I wanted to give back something, gratis, paying it forward for all the help I’ve received over the past couple of years, so I’ve created a pattern, the first of what I hope are many. It’s small, and unobtrusive, and if you’re a baker or know someone who is, you might appreciate having it. It’s my little bread blanket. We normally wrap our rolls or bread in a clean dish towel, but I dunno, that feels impersonal and rushed. Like, we just baked this lovely thing, it should be tucked in with something equally lovely.

This is a sweet, little project with a purpose. It’s a charming upgrade to those cute, striped vintage tea towels and it can cleanse the palette between bigger knitting projects, or when you want to make a gift but just can’t stomach another hat. The billowy mini cable offers insulation while the yarn will absorb condensation. It’s simple but not boring, easy to take out in public, uses cotton (or a blend) yarn, and gauge isn’t crucial. It’s a good novice project and could be adjusted with different stitches in the MC to accommodate evolving skills (but may change the multiples in your cast on). And, you can make a few of these over the hot summer, to keep all your fall baked gifts warm! This is my first published pattern, so please be kind if you find mistakes, but by all means, let me know, or ask any questions you may have, I’ll answer them to the best of my ability. I’ve also added a photo of a second blanket in the opposite palette.

A slightly different stitch (really just a cable without the purls), which I haven’t added here, but wanted to give a good visual when using a darker color with the light stripe.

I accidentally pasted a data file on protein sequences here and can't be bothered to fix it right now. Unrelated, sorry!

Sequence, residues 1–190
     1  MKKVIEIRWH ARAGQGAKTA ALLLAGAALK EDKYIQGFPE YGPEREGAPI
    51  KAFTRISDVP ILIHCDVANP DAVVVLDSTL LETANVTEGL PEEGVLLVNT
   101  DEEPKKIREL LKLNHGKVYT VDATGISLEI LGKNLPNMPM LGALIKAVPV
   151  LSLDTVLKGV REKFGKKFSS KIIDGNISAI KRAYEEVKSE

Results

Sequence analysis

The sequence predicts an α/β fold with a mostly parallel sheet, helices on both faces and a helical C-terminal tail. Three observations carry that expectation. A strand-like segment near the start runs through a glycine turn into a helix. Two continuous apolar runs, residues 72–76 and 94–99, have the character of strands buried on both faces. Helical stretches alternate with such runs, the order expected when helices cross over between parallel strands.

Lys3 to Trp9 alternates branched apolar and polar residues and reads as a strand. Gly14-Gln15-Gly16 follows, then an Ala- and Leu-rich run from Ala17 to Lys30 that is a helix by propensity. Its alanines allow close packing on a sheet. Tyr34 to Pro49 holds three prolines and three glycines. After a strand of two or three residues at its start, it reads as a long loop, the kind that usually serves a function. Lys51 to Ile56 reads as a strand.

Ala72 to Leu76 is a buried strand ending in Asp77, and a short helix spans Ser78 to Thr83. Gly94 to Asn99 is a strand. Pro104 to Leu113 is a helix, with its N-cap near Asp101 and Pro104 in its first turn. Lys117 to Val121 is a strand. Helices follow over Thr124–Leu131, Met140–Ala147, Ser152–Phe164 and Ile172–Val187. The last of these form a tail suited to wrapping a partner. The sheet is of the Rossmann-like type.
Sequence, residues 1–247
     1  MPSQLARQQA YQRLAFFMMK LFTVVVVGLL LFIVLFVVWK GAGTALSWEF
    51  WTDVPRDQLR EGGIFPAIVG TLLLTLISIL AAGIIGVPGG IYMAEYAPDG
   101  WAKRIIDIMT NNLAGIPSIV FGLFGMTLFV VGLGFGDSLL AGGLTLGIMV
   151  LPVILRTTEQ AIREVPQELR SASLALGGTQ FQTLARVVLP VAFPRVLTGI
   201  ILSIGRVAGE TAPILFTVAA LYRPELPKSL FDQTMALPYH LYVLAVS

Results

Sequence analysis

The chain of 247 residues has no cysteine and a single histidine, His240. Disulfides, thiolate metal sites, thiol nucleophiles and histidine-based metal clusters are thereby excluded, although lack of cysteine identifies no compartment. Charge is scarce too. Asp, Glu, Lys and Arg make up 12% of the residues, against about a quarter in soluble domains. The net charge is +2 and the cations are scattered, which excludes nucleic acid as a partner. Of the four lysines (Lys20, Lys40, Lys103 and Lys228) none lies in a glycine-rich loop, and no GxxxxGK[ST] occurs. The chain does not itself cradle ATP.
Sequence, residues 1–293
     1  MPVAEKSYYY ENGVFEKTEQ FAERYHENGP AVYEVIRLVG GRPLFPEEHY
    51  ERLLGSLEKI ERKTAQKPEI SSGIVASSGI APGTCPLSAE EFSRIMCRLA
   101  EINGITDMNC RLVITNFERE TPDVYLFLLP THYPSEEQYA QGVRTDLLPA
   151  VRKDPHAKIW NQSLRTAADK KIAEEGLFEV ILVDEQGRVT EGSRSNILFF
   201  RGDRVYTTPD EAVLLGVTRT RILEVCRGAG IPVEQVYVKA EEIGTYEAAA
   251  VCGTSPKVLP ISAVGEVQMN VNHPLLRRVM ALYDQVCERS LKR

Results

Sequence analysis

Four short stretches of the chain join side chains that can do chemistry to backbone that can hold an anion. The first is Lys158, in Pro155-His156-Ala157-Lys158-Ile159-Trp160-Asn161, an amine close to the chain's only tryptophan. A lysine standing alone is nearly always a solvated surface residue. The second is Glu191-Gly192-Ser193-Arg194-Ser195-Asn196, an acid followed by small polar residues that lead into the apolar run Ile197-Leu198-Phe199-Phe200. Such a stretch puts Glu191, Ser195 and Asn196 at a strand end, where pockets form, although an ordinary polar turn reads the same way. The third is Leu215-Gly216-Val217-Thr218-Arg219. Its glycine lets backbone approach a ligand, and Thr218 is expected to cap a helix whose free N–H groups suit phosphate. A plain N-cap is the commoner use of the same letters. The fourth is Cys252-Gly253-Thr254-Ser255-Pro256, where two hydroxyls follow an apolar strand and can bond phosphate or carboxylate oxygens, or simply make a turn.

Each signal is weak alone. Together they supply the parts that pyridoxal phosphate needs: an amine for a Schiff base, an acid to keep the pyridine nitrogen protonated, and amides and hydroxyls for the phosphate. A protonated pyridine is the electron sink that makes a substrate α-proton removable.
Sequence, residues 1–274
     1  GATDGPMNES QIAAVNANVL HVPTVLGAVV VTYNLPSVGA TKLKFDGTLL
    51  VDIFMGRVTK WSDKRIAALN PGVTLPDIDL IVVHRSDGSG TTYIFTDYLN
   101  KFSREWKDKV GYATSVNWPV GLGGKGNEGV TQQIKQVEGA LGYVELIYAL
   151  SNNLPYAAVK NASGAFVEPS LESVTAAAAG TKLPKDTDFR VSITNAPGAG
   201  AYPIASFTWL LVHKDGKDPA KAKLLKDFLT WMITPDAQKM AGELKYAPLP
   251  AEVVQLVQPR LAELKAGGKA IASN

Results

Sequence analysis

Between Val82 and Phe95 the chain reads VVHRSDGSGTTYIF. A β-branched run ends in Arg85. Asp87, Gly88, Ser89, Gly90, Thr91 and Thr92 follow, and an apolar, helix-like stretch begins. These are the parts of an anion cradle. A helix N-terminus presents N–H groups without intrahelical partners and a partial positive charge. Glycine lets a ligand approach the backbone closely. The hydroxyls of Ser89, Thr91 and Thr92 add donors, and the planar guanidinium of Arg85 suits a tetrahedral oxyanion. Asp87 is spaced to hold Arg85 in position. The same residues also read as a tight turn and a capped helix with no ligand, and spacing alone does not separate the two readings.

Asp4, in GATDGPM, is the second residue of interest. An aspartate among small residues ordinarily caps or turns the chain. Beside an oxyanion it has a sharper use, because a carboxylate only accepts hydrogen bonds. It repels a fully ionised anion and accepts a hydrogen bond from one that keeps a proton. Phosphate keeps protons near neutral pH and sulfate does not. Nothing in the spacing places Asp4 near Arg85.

Approx. Finished size: 11″ x 17″

Yarn: Gauge is not crucial for this pattern. I’m using Sugar & Cream Super Size in Ecru (MC) and Blue Jean (CC). One skein (100g) of each MC and CC in Bernat Handicrafter DeLux; Knit Picks Dishie and CotLin; or whatever you like to knit with that’s washable and contains natural fibers. You can create two blankets from the two colors, if you flip the MC and CC color positions for your second blanket.

Needle: I knit this flat on a US size 7 bamboo circular needle. Naturally, you should use what you’re comfortable with for the yarn you’ve chosen.

Cast on: Multiples of 4 plus 1 if you wish to change the width. Keep in mind that you may need additional yarn if making this larger.

I slip the last stitch of a row: purlwise on the knit side (bring yarn to front, slip stitch to right needle); knitwise on the purl side (bring yarn to back, slip stitch to right needle). You don’t have to do this, but it gives me a finished edge.

I give instructions for my CC stripe but you can clearly make yours with an alternating pattern you like. If you want to keep a vintage, rustic farmhouse feel, I recommend keeping your palette to two colors.

Farmhouse Bread Blanket

Cast on 53 stitches (I used long tail).

Mini Cable:


Row 1:  *P1, K3; rpt from *, end P1

Row 2 & 4:  *K1, P3; rpt from *, end K1

Row 3:  *P1, Skip 2 sts, K third st on LH needle, K first st, K second st, then sl all three sts off LH needle; rpt from *, end P1 (note: leave sts on LH needle until all three have been worked, then sl to the RH needle. If you own the Vogue Stitchionary 1, this stitch is on page 44).

Repeat Rows 1-4 six times

Row 25:  *P1, K3; rpt from *

Row 26:  *K1, P3; rpt from *

Repeat this pattern five times


Change to CC

Repeat this pattern four times


Change to MC

Repeat this pattern two times


Change to CC

Repeat this pattern two times


Change to MC

Repeat this pattern four times


Staying with MC

Repeat Rows 1-4 (mini cable stitch) twelve times

BO in pattern, weave in ends, block, bake something delish and cover!

Mini Cable Stitch